His daughter, Dawn Roddenberry, did take a run at the no-contest clause. After a couple of court rulings, she was disinherited, losing $500,000 left to her by her father and all claims on the Star Trek estate after the death of her father’s second wife.

Mark Gruenwald – a fantastic last wish

Another pop-culture genius, Mark Gruenwald, writer and editor of Captain America and other Marvel Comics titles, asked that his ashes be mixed with the ink used to print a comic. His request was carried out on an issue of Squadron Supreme. After his death at 43 in 1996, his widow Catherine Schuller-Gruenwald said her husband’s last request “was a natural extension of his curiosity mixed with discovery mixed with imagination.”

Charles Millar – father of the Stork Derby

Probably no bequest made in Toronto is more famous than the unusual 1928 will of lawyer and financier Charles Millar. It consisted of several good-natured practical jokes and one final caper.

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The childless bachelor, 72, left $568,106 to the mother who would give birth to the most children in Toronto in the 10 years following his death. Newspapers dubbed it the Stork Derby.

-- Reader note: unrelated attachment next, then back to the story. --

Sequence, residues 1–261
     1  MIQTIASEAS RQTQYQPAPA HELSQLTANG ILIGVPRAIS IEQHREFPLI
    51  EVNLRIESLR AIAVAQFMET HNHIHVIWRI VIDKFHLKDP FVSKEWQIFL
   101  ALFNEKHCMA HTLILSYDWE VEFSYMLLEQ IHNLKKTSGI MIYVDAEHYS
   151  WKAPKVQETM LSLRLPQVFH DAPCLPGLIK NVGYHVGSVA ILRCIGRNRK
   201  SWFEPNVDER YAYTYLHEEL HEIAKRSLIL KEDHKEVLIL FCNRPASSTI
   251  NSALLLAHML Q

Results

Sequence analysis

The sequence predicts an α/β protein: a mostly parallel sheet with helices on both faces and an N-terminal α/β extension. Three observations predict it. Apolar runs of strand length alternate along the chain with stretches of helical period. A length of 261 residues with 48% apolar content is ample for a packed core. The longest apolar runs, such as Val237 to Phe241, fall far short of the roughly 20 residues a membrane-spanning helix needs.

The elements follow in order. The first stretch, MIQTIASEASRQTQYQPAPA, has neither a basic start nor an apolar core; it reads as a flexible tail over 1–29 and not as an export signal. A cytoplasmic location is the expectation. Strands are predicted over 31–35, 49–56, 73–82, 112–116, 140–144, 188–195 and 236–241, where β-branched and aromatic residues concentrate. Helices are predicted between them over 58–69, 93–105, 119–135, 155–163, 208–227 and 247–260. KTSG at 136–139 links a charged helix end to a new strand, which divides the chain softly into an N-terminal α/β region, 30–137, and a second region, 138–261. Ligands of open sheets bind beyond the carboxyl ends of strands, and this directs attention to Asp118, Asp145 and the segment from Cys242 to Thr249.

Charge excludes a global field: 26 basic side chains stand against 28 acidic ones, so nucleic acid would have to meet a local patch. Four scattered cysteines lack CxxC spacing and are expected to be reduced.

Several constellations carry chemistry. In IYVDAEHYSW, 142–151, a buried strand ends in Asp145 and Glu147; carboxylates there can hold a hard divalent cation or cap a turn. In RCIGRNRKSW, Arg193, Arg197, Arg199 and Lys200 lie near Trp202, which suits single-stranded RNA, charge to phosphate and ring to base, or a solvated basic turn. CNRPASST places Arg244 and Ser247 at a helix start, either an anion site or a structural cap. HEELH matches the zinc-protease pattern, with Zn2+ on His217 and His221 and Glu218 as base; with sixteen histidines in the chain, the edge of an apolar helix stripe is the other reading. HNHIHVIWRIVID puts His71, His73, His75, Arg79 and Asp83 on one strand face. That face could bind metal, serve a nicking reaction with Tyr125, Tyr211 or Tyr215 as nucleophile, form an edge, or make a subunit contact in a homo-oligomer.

In 1938, four mothers split the prize. They had each given birth to nine babies in 10 years, with one of the weary contestants vowing to practise birth control thereafter.

Leona Helmsley – left Trouble behind

Leona Helmsley, 87, a billionaire hotelier dubbed “The Queen of Mean” for her treatment of employees, served 19 months for tax evasion before she died in 2007.

After a life of notoriety, she commanded headlines from the grave when it became known that she had left $12 million to her Maltese, Trouble.

The behest was especially rich considering that Helmsley had cut two of her grandchildren entirely out of the will for “reasons which are known to them.” Her other two grandchildren were given their inheritances only if they regularly made visits to their father’s grave.

A judge later reduced the millions left to Trouble to $2 million, and he moved several millions from the dog’s trust fund to the two grandchildren not named in the will. Trouble died in 2011 at the age of 12; the remainder of his fortune was donated to charity.

Helmsley’s doggie largesse, though, has left a lasting debate: When setting up a trust fund for a beloved pet, how much is too much?